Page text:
Even as lawsuits continue to pile on in Chicago federal courtrooms against colleges and universities over football-induced concussions, a new front in the legal scrimmage has opened, as plaintiffs have lined up to tackle youth football powerhouse Pop Warner over brain injuries allegedly suffered by young teen athletes.
On Sept. 1, two women who alleged their sons suffered CTE, or chronic traumatic encephalopathy, from playing youth football, filed a potential class action lawsuit in Los Angeles federal court against Pop Warner Little Scholars Inc., the entity that oversees youth tackle football programs in 42 states and internationally.
In Illinois, Pop Warner administers its Chicagoland conference, which includes more than two dozen teams from throughout Chicago, the suburbs and communities just outside of the metropolitan area. The league offers divisions, based on age and weight, for children ages 5-14, according to its website.
Like other concussion trauma related lawsuits, the California lawsuit alleged Pop Warner misled parents and the public about the potential risk of brain injuries which could be suffered by those playing football. While Pop Warner boasted of its ability to reduce the risk of concussions and brain injury through its improved equipment and better playing techniques, the lawsuit said those statements were “false and misleading advertising” masking the real risks to young athletes.
In the lawsuit, the plaintiffs have requested the creation of a class of additional plaintiffs, including anyone who played Pop Warner youth football anywhere in the U.S. since 1997, and now suffer from brain injuries, and another class including the parents of those former youth football players.
The lawsuit also includes as defendants the National Operating Committee on Standards Athletic Equipment (NOCSEA), which governs the safety of youth football playing equipment, and USA Football, the official youth football development partner of the National Football League.
The lawsuit has asked the court to order NOCSEA to slap warning labels concerning the risk of brain injury on youth football equipment, to release youth football helmet safety standards and pay out unspecified damage awards, including punitive damages and attorney fees.
The plaintiffs in the California action are represented by attorneys Thomas Girardi and Robert Finnerty, of the firm of Girardi & Keese, of Los Angeles.
The action comes as professional and amateur football organizations of all kinds find themselves under a blitz of concussion-related legal actions.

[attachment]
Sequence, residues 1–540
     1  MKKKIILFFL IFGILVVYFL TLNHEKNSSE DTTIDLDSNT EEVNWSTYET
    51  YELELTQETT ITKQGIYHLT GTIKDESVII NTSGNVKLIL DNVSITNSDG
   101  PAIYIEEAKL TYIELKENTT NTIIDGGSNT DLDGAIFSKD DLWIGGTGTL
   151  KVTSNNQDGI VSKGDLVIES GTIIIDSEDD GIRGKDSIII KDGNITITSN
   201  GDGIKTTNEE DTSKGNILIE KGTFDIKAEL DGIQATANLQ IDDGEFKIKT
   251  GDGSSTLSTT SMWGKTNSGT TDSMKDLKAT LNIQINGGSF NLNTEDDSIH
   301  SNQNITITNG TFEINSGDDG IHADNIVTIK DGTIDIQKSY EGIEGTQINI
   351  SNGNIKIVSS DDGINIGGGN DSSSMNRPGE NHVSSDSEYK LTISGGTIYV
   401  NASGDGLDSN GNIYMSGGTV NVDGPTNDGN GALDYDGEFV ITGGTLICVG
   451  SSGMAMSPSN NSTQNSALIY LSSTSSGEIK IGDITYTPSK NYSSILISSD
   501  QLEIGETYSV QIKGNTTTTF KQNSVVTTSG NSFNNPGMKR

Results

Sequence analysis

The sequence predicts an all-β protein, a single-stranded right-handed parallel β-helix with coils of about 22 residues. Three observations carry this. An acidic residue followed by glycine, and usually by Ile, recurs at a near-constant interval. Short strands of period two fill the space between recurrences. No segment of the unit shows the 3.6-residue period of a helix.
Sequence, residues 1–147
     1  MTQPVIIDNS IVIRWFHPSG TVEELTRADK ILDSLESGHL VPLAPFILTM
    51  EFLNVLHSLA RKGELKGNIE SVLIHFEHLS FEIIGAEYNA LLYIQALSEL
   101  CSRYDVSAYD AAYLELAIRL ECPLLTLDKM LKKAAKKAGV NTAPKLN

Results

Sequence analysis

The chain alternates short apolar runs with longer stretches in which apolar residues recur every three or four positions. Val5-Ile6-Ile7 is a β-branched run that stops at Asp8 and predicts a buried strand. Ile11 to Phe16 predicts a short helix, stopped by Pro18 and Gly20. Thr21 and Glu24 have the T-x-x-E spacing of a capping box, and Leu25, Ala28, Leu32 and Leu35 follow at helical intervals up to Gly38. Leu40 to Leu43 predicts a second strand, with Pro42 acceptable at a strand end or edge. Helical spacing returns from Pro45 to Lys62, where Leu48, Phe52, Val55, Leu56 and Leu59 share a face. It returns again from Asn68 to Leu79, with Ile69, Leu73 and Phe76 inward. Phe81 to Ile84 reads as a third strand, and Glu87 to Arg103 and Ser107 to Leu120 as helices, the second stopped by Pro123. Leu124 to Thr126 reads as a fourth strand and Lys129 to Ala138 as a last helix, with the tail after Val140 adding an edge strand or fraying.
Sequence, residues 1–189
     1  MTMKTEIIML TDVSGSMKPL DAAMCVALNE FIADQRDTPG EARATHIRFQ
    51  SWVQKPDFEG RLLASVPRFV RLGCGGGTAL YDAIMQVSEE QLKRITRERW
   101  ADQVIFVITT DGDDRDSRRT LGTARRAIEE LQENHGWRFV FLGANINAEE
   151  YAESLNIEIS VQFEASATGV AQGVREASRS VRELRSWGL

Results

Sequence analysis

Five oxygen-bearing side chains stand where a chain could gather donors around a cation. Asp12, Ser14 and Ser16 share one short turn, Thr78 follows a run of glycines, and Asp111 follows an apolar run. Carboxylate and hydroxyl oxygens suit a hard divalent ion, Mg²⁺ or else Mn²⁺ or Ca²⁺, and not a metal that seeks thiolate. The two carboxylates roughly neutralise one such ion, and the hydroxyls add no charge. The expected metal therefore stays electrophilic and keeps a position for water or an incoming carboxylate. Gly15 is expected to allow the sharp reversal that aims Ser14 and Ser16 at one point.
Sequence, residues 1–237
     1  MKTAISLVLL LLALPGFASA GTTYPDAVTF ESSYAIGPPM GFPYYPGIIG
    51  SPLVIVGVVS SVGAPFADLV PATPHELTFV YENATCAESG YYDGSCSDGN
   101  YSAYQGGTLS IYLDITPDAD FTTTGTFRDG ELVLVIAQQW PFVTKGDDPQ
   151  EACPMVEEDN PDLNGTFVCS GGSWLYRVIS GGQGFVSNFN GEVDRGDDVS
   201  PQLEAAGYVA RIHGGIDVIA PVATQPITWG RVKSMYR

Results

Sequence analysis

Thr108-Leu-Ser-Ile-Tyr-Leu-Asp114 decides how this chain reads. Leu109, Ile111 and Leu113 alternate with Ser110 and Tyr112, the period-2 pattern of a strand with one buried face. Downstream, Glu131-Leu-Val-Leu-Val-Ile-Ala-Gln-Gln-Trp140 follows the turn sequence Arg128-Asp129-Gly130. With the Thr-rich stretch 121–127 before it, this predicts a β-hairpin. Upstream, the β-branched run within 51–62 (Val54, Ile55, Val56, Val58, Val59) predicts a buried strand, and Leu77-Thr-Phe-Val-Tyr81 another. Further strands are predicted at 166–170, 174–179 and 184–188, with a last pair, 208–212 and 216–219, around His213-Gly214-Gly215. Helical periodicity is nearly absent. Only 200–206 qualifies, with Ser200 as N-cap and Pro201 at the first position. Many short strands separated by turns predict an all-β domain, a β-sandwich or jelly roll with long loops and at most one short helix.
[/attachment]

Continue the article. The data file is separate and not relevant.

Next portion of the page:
In Cook County, a judge in October 2015 tossed a potential class action brought against the Illinois High School Association, which oversees high school football and other athletics throughout Illinois. The judge in that case dismissed with prejudice the action brought against the IHSA in 2014, saying he supported the IHSA’s safety record, and that he believed the best way to protect high school athletes was through the enactment of new laws, and not huge lawsuits.
Some legal observers at the time said they believed the ruling would create a high bar for other similar legal actions against the IHSA, but could still leave the door open for other lawsuits against individual high schools.
At the college level, Chicago federal court was chosen by a panel of federal judges as the jurisdiction in which the mounting number of cases concerning brain injuries suffered by college athletes would be heard.
Early this year, a federal judge signed off on a $75 million settlement between a group of former college players, who alleged they had suffered brain injuries playing college football and other sports, and the National Collegiate Athletic Association. Under that settlement, the NCAA agreed to invest in a brain injury screening and evaluation program and to institute a range of other “corrective measures.” The NCAA also pledged not to oppose $15 million in attorney fees and payments of $2,500-$5,000 to the former athletes who brought the lawsuit as named defendants.
However, the settlement also did not foreclose on the possibility of future class action lawsuits against individual colleges and universities, or the athletic conferences in which their programs participate.
And in the months since the settlement, about 15 such lawsuits have been filed in federal courts across the country, and transferred into Chicago.
Cases now pending in the Northern District of Illinois include lawsuits against the Southeastern Conference, the Atlantic Coast Conference, the Big 10 Conference, the PAC-12 Conference, the Western Athletic Conference and member schools including Duke University, Wake Forest University, Penn State University, Stanford University, Boston College and Brigham Young University, among others.
Attorneys who have brought those actions include those from the firms of Edelson P.C., of Chicago, and Wilson Kehoe Winingham, of Indianapolis.
The U.S. Judicial Panel on Multidistrict Litigation selected U.S. District Judge John Z. Lee to handle the federal college concussion litigation cases.